Grace went on to say in her story:"The promise of a job and a better life was the incentive that was needed to urge Antonio and many hundreds of others to leave for this new promised-land. He made his way to Canada and finally to Coal Creek where he was hired as a miner in No. 2 Mine in 1901.

We do not know much of Mr. Mazzei's personal life in this new land. With our knowledge of the working conditions in the mines at the time we do know that his was a back-breaking job in No. 2 Mine. His work days were long and tiring and sadly lasted only one year. He was one of the victims of the May 22nd, 1902 explosion which killed 130 men and left many more scarred and maimed.
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The funeral train brought the injured and the dead from that mine then to Fernie. The town, I suspect was ill prepared for a disaster of this magnitude and most residents were pressed into some sort of service. On one day it is said that there were thirty funerals. We have no information as to how the sad news was relayed to relatives so far away. All Mary's grandmother knew was that he had died in a place called Fernie. In our wildest dreams we cannot imagine the trauma of those who receive the news, or the depth of their sorrow - being left a widow with small children to raise. There is an area in St. Margaret's cemetery where the graves of many of those killed in this disaster can be found. It was here that Mary found Antonio's marker.

This however is not the end of the story. As Mary and Pat cleaned away the leaves and small debris from the headstone, she discovered a string of ancient looking beads - faded and weatherworn. The beads were threaded in a circle with a small droplet at the front. The design suggested a rosary, but the placement of the beads is not in the given order of the prayer beads. Mary thought there may have been a cross attached, but one was never found even after a thorough search.

It will forever be a mystery; the beads found on a 99 year old tombstone. Many questions may be asked. Who placed the stone on the grave of a miner who died so far from his loved ones? Were the beads placed on the stone by some countrymen, or by someone in passing who said a prayer for the soul of a young man and the comfort of his family?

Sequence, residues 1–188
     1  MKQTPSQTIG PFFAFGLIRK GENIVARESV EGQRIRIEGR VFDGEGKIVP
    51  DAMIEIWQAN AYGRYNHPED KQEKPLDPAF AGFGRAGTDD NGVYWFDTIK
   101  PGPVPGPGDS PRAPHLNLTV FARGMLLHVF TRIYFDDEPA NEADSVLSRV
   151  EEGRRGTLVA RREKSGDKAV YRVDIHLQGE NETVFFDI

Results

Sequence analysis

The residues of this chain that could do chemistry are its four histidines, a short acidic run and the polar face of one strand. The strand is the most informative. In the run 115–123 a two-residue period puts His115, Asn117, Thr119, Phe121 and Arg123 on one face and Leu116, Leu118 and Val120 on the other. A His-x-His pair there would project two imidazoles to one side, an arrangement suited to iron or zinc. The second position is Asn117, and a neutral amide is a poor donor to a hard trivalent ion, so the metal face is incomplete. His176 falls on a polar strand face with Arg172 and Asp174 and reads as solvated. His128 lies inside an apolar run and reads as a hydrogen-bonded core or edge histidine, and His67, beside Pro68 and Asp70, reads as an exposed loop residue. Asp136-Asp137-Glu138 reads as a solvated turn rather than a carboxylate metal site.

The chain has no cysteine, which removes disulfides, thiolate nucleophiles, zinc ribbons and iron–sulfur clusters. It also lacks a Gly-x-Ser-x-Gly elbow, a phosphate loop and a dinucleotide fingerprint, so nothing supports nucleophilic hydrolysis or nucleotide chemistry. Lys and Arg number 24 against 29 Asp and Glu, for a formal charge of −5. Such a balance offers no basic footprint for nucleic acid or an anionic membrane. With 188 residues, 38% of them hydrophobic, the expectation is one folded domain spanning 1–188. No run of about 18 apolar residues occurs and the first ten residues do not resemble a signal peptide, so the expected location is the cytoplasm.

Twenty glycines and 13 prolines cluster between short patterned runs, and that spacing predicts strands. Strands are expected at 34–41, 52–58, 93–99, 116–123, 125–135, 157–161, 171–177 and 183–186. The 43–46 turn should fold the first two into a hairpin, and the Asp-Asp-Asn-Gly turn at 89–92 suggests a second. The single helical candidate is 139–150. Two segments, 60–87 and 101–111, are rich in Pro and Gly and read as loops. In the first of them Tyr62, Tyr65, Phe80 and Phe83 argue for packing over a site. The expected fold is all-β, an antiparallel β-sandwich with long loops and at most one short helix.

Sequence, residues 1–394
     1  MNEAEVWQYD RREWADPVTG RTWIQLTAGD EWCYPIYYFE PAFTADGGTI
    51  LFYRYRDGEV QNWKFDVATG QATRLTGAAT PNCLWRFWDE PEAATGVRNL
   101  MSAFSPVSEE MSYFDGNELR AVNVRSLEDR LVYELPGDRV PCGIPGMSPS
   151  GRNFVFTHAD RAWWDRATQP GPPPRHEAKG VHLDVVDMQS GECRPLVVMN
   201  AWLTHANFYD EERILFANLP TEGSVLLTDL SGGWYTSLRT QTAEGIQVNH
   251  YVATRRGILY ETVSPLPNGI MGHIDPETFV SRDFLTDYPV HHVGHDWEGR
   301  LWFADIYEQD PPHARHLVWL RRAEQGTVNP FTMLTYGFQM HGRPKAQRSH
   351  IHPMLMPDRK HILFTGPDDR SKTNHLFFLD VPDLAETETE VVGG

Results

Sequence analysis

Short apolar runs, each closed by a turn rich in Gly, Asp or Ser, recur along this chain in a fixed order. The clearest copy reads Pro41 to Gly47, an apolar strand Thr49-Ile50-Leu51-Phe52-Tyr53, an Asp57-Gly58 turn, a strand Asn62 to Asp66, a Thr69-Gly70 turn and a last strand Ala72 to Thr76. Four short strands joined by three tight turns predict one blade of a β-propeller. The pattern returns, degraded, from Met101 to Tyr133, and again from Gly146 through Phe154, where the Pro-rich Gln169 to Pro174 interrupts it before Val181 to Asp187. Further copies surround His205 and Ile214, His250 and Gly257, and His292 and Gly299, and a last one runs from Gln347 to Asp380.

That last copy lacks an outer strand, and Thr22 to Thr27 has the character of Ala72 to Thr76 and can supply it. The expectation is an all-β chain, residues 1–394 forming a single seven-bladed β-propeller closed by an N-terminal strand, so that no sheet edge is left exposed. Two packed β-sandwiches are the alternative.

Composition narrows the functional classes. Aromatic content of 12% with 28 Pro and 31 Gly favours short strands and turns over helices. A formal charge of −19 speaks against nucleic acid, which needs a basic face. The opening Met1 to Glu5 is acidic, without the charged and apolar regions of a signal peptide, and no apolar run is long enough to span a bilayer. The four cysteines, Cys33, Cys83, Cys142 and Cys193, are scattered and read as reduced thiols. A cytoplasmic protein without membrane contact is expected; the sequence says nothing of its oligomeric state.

We may never know the answers. The beads will remain a mystery but to Mary there must be some comfort in the thought that someone at some time remembered Antonio Mazzei."
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I also spent some time with the Lockwoods at St. Margaret’s after studying an ancient outdated canvas plan of the cemetery to verify Tony's location. As I stood there that day I sensed that Mary Lockwood did not find full closure at her grandfather’s gravesite. She seemed to still be searching for something more; some detail of his life here, some evidence of his presence here.

Finally her husband Pat patiently urged her to leave and as we turned to walk away a lovely whitetail doe and two gorgeous spotted fawns quietly slipped by us and over the cemetery hill. What a wonderful contrast of life that moment was there in such a place. Life renewed and moving forward while we stood and looked back.

Author's Note: To this day the necklace remains on Mazzei's marker. On closer examination they appear to be natural (fresh water) pearls.
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March 8th, 2017 ~ Vol. 87 No. 10